Swift Capture Lists

Introduction

Welcome to Lesson 4 of Intro to Functional Swift. Today, you will discover a unique behavior of closures, and how to make it right.

Discovery Stage

First, let us create two variables.

var a = 0
var b = 0

Design Closure

Create a closure block which prints a and b.

let newClosure = { print(a, b) }
newClosure() // (0, 0)

Design Closure Array

Create an array whose type is [() -> ()]. newClosure will be added to closureArray.

var closureArray: [() -> ()] = []
var i = 0

Append Closure

Let us add multiple closure blocks to the array using a for-in loop.

for _ in 1...5 {
  closureArray.append {
    print(i)
  }
  i += 1
}
// i is 5 by now

Execute Closure

Let us call the function.

closureArray[0]() // 5 😲
closureArray[1]() // 5 🤔
closureArray[2]() // 5 😨
closureArray[3]() // 5 😭
closureArray[4]() // 5 😱

You might have expected each element to print, 0, 1, 2, 3, 4. However, each closure uses the final value of i which is 5 at the end of the loop.

Important: A closure block is a reference type. You will learn more in Chapter 5.

Characteristic of Closure

Let us dig deeper.

Design Closure

var c = 0
var d = 0

let smartClosure: () -> () = { _ in
  print(c, d)
}

First, modify the value of c and d. Second execute the closure.

c = 9
d = 9
smartClosure() // (9, 9)

smartClosure() prints (9, 9). When the value of c and d mutate, the change is reflected on the closure by default.

Introducing Capture List

Let us destroy the default behavior.

Strategy: Do not reference. Copy

Add an array [a, b] before in. The array is referred to as a capture list.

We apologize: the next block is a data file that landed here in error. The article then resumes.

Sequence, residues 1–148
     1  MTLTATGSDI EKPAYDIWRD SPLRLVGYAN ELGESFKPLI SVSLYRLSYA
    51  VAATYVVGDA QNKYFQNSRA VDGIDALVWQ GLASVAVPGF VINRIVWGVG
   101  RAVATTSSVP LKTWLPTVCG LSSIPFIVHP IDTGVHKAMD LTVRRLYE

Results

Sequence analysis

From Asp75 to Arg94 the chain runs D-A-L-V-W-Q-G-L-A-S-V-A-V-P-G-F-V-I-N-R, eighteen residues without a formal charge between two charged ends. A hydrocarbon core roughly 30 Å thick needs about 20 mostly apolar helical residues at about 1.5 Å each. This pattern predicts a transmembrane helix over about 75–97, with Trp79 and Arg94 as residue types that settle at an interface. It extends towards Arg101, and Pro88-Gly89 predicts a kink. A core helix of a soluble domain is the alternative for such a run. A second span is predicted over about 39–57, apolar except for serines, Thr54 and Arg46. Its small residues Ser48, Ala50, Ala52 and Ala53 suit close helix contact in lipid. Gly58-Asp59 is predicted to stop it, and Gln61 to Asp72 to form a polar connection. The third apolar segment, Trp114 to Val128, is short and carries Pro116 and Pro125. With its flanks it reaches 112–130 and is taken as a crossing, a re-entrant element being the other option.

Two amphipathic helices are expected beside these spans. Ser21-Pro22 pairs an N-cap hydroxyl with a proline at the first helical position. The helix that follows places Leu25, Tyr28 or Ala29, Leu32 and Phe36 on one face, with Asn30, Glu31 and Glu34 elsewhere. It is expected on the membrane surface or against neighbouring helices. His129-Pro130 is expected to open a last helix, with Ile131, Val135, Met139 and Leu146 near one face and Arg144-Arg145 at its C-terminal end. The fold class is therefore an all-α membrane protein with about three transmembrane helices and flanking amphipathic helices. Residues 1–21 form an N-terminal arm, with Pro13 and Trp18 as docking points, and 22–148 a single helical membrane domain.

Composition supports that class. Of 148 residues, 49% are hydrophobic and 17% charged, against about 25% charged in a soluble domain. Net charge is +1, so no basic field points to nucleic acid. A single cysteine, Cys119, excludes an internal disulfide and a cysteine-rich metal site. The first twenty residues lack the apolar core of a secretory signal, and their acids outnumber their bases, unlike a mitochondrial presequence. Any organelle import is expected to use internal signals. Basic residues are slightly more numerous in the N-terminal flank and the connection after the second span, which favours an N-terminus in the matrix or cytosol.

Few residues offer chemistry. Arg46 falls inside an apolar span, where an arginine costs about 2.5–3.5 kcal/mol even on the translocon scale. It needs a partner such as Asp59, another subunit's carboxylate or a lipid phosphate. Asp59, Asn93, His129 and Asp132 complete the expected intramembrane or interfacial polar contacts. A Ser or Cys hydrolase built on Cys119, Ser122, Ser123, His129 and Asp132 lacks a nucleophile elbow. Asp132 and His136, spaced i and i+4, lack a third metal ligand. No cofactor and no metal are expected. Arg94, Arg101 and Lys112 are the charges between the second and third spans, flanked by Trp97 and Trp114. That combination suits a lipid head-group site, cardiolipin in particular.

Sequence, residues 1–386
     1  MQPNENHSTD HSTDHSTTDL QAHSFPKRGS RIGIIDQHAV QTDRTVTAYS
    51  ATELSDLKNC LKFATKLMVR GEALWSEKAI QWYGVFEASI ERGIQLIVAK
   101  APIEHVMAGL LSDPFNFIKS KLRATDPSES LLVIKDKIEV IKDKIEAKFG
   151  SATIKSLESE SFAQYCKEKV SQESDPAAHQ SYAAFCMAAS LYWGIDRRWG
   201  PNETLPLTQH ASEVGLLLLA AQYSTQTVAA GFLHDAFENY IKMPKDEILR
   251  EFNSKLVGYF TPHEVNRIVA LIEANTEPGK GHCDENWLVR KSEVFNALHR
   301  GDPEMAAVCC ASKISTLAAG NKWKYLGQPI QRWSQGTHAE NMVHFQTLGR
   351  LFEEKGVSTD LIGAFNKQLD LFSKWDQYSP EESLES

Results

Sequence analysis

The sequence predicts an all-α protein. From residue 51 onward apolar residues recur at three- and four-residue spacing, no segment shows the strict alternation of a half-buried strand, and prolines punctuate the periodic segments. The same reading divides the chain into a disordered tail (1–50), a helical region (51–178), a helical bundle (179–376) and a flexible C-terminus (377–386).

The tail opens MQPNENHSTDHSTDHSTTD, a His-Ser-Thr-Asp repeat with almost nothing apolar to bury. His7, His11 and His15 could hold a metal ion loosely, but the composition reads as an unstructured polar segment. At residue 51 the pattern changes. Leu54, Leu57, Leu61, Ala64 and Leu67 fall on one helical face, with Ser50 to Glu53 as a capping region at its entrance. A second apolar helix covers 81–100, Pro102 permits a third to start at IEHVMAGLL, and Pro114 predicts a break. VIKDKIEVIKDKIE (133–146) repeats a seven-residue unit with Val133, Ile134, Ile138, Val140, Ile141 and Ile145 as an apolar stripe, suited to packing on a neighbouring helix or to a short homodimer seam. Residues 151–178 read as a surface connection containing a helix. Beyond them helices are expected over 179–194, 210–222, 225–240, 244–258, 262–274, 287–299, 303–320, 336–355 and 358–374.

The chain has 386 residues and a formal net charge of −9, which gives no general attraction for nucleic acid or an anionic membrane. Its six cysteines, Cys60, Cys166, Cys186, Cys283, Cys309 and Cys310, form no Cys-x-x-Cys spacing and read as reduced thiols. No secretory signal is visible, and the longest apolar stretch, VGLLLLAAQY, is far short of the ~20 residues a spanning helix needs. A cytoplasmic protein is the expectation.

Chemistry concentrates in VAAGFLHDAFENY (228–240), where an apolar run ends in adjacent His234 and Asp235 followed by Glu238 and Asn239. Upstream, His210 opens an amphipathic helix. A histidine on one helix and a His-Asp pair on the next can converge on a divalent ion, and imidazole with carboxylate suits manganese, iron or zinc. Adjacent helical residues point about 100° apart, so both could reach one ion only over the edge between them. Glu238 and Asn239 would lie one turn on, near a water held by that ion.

let smarterClosure: () -> () = { [c, d] in
  print(c, d)
}

smarterClosure() // (9, 9)

Now , attempt to modify the value of c and d

c = 10
d = 10

Execute smarterClosure. You will discover that the change is not reflected on the closure anymore.

smarterClosure() // (9, 9)

The capture list "copies" the value of c and d at the particular time the closure was created. It become invincible.

Destroy Unique Behavior

Let us go back to the early example with the for-in loop to append the closure block to the array.

Design Closure

var smartClosureArray: [() -> ()] = []
var j = 0

Append Closure

Capture j

for _ in 1...5 {
  smartClosureArray.append { [j] in
    print(j)
  }
  j += 1
}

You may rebrand j. In this case, I will refer to j as num within the closure block.

for _ in 1...5 {
  smartClosureArray.append { [num = j] in
    print(num)
  }
  j += 1
}

Execute

Let us find out whether you've killed the default behavior.

smartClosureArray[0]() // 0 ☝️
smartClosureArray[1]() // 1 💪
smartClosureArray[2]() // 2 🎁
smartClosureArray[3]() // 3 🎉
smartClosureArray[4]() // 4 🎅

Resources

Capture List in Closures

Source Code

3004_capture_lists.playground

Conclusion

You've learned the default behavior of a closure block which is identical to that of instances created with class objects. In fact, closures are reference types. In Chapter 5, however, you will discover some of problems that may arise due to the default behavior. Stay tuned.

In the following lesson, you will learn how to beautify closures.

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